Saturday, June 5, 2010


From the beginning of our time in Virginia, we liked to ask the locals where they like to go.  We have gotten a lot of good ideas for places to visit of the beaten path.  One such place is Middleburg, Virginia, a small town about 20 miles northwest from our house.  A couple of weeks ago we finally took the opportunity to make the trip "upcountry" to Middleburg.  What we found was beautiful country roads of rolling hills and lush forests, with horse stables pastures and old country homes. 

Middleburg itself was founded about 1730.  It got its name as a mid-way point for travellers between Alexandria and Winchester.  It has since evolved into a center for horse breeders, steeplechase, and other equestrian activities.  Today, many of the old buildings are preserved as historic landmarks.

Old buildings line the mains street making for a quaint, small-town feeling.

 The Red Fox Inn & Tavern is the signature dining destination in Middleburg.  Housed in a building that was constructed around 1728, it is an historic place on its own.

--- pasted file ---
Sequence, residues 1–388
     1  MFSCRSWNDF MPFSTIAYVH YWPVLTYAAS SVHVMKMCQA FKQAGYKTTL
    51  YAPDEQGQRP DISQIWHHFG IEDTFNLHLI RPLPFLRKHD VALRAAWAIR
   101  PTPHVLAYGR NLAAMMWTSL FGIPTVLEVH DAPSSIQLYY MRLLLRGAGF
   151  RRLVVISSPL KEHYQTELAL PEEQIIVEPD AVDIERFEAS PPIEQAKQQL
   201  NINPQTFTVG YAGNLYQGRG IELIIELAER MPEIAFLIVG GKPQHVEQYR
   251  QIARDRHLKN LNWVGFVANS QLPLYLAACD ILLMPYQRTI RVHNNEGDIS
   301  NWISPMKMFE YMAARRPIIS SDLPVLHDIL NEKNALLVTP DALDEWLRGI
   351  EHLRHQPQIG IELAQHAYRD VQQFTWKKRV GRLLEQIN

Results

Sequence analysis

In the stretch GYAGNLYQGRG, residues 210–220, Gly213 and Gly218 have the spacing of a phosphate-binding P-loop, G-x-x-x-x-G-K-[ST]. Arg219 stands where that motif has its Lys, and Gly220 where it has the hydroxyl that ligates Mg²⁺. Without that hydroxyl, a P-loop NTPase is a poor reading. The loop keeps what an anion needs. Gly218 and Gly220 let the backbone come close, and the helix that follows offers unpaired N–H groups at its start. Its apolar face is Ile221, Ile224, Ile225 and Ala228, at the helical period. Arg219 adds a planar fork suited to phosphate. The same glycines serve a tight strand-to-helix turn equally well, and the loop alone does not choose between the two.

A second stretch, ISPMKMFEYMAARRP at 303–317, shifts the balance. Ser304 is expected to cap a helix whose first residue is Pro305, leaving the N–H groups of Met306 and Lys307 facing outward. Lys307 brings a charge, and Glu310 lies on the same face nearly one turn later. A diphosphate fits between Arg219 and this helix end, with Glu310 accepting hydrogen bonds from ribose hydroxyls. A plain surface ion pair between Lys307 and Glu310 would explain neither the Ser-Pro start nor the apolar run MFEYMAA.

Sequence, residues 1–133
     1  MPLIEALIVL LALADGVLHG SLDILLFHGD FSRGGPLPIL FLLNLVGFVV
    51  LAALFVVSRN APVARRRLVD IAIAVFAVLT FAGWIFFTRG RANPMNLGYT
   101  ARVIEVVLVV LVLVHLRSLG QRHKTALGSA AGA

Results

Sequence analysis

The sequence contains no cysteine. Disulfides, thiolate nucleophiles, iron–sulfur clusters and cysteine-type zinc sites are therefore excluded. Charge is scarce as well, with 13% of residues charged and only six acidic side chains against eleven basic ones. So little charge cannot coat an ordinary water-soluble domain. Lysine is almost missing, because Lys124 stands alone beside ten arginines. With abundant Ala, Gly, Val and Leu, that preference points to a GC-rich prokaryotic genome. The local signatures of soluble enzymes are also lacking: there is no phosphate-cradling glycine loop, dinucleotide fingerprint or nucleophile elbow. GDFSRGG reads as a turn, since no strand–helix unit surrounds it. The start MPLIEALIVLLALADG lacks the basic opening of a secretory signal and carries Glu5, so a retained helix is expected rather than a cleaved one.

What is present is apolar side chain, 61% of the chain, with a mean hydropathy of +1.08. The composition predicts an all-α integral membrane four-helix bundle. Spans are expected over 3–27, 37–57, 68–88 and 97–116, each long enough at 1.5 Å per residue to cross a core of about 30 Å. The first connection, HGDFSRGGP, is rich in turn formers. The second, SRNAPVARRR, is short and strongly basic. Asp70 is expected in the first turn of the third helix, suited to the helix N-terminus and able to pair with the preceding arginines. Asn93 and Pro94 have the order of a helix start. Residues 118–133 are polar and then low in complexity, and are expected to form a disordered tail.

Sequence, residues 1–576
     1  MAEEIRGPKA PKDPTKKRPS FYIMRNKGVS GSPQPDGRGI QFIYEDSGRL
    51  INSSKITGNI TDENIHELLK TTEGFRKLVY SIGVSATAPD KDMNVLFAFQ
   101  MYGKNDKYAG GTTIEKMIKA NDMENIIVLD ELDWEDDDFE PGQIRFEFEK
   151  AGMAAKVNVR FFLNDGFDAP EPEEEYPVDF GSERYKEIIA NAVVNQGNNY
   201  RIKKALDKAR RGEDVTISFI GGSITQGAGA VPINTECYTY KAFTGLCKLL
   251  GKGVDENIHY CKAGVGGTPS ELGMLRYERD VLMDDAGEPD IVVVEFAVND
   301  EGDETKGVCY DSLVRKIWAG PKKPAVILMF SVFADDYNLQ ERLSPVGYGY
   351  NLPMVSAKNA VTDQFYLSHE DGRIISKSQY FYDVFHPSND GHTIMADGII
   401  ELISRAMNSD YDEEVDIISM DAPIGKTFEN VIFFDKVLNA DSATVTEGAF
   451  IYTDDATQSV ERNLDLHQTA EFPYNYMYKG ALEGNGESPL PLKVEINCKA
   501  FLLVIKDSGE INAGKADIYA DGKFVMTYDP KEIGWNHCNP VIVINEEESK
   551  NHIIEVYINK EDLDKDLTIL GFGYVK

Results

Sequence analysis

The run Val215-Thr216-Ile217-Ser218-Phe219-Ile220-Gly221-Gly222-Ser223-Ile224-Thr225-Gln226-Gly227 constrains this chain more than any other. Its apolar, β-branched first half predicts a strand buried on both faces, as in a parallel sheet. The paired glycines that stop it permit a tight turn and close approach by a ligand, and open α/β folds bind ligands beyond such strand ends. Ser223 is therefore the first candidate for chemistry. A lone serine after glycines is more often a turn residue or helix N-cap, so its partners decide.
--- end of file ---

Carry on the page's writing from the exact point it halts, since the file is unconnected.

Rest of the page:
Outside Middleburg is the old Goose Creek stone bridge.  Built in 1802 during the Presidency of Thomas Jefferson,  this bridge is one of the last four arch-stone bridges in Virginia.It was  was the scene of a cavalry and artillery duel during the Civil War on June 21, 1863. It is now preserved as an historic landmark.

Hand-laid stone walls can be found lining properties and roads for miles and miles.  Oh the labor it must have taken to do this.  We are trying to learn more about when these stone walls were constructed, but don't have the whole story yet.

A little further up the road we stopped for dinner at the Blackthorne Inn.  The original building dates back to 1763.  In 1775, Lord Fairfax deeded the land over to George Washington for survey work and the deed hangs prominently in that portion of the building.  We ate in the Irish Tavern downstairs (we weren't dressed for the dining room!).

Although this bit of Virginia history isn't as prominent or significant as others, it is still interesting to discover the rich history of the area.  We also love the countryside around here - it is beautiful!

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